It’s hard to truly summarizes my experience with this book without spoiling the secrets revealed within its pages. There were scenes that made me feel seen, and passages that left me bewildered and concerned. But I think that’s the point: to feel the confusion and rush that coincides with love and trauma.

I know we’ve got a lot of time on our hands over the next few weeks, and if you can safely handle the topics (see trigger warnings below), than I recommend you start National Poetry Month with this haunting glimpse of the healing process.

All quotes were taken from an advanced copy of this collection and may not match final release.

Violence/Joy/Chaos trigger warnings: abuse, drug use and overdosing, sexual assault, rape (implied), violence, suicidal thoughts, self-harm, cutting, suicide, gun use, abortion, and death of a loved one.
Profile Image for Ruthie Jones.
997 reviews45 followers
April 10, 2020
"I was a child playing hopscotch without the chalk lines to hold me in."

Violence/Joy/Chaos by Jane Marshall Fleming is a visceral collection of poems and essays about a life of heartache, joy, pain, drugs, loss, and healing. The raw emotions pouring from this collection is breathtaking and disconcerting. Jane’s young life has been spread across valleys and mountains—atmosphere and earth. This outpouring of honesty is unchained and floats across the pages and into the reader’s mind and heart. Both violence and joy are displayed chaotically yet still with a clear, illuminated path of forward motion.

The author’s unvarnished presentation of emotions, actions, and choices is riddled with both melancholy and hope. We are all burdened by loss and anxiety, and Jane captures her own experiences to show us that we are not alone, even when the darkness closes in. Drugs have played a large role in Jane’s experiences, altering her mind and sending her into highs and lows. Through it all, Jane constantly runs barefoot, despite the danger of cuts and bruises to tender soles. This image of bare feet that are both vulnerable and strong is striking throughout. The pleasure of the earth under each foot, drawing its magnetism into the body, beautifully captures Jane's connection to the ground and that feeling of being solidly anchored, even when her life becomes unmoored. The constant bleeding and healing of her feet show that while we suffer our burdens, we also heal and are made whole again, time after time. This cycle mimics the seasons of life, of the earth, of the cosmos, and Jane shares with us her small place in all that chaos.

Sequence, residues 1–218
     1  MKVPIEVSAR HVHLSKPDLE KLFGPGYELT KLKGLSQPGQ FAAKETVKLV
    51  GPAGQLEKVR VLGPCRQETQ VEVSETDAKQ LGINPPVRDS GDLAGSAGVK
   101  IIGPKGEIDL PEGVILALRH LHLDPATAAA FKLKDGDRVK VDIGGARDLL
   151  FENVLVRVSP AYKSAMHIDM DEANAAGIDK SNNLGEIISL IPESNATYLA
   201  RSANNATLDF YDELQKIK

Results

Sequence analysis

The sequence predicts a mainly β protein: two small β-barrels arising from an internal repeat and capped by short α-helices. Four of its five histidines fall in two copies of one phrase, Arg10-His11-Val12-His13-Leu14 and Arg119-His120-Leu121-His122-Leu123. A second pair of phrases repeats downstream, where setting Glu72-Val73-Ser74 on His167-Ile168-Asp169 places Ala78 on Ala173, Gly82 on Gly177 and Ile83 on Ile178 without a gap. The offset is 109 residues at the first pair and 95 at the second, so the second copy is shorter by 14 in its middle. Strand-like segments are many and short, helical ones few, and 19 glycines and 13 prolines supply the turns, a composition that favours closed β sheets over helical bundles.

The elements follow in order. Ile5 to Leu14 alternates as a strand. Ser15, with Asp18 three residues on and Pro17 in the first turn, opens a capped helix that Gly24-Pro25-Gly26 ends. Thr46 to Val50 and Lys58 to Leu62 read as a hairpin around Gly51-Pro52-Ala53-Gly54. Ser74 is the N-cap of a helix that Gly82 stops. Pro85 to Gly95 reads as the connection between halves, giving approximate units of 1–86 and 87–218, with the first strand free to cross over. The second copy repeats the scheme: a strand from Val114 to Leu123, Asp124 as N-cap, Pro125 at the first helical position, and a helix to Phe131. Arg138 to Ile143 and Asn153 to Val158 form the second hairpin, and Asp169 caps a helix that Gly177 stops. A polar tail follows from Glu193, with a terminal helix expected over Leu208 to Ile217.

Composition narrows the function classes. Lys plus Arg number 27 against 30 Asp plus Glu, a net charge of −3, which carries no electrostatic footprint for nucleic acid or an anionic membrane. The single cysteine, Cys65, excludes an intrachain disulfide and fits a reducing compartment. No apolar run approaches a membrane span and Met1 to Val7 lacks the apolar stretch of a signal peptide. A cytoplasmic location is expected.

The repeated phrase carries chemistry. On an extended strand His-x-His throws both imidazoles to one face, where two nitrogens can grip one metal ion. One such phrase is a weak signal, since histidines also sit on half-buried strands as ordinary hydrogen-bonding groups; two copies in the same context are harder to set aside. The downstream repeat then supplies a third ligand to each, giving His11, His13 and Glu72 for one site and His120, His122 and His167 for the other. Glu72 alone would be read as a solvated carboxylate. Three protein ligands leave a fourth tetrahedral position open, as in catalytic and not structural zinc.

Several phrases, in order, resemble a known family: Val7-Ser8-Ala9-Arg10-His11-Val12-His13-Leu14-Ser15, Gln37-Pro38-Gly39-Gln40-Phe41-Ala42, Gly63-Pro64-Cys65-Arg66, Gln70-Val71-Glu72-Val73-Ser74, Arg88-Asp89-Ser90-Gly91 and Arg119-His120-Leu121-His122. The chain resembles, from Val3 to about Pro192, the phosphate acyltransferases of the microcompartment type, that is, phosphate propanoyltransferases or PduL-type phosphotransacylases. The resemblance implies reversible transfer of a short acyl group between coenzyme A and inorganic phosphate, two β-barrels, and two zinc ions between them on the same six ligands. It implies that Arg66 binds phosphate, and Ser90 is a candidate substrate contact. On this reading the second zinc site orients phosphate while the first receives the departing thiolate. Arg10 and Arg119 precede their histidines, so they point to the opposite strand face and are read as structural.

These essays and poems in Violence/Joy/Chaos are boisterous and tumultuous; however, the story remains intact as Jane outlines events through both prose and verse. This short collection of one woman’s turbulent journey is quick to read but will linger and permeate the mind and soul. No one is immune or exempt from such chaos, but how we endure the journey and eventually peek out from the other side are what define us and what give us courage, strength, and hope to carry on. Jane has unabashedly given us this gift of her organic truth so that we can reflect on our own chaotic journey of violence and joy.

I received a free copy of this book from Lone Star Book Blog Tours in exchange for my honest review.
Profile Image for Ariel Hess.
161 reviews5 followers
April 3, 2020

Disclaimer: This review is solely my opinion. I was provided a copy of this book from Lone Star Literary Life partner in exchange for my honest review.  The comments in this review do not reflect the views of the author or the publisher. The copies used in this review are finalized copies sent to me in exchange for my honest review.  #partner #LSBBT

There aren't too many words that I could use to fully describe how beautifully written this book of poetry is written. This book of poems flows wonderfully together as the author allows the reader to be transferred into her life. The highly descriptive writing style allows for the emotions of the author to be transferred onto the page. It is such a challenge to portray such raw emotions in such a way that not only captures the attention of the reader but also provides a connection between the reader and the storyline. There are moments during the reading that feel her anger, sadness, grief, love, pain, and finally freedom. You feel as though not only is she free from herself. Although her road to recovery and freedom was tumultuous it is truly enlightening to take on the journey to her discovering herself. The most beautiful part of this book is knowing that although she finally was able to find true love she still struggled daily with control. That is inspiring to know that it is okay to struggle even after you become free. Here dialogue with herself is powerful and shows the reader the true power of words. One of the most important conversations you will have is the one you have with yourself.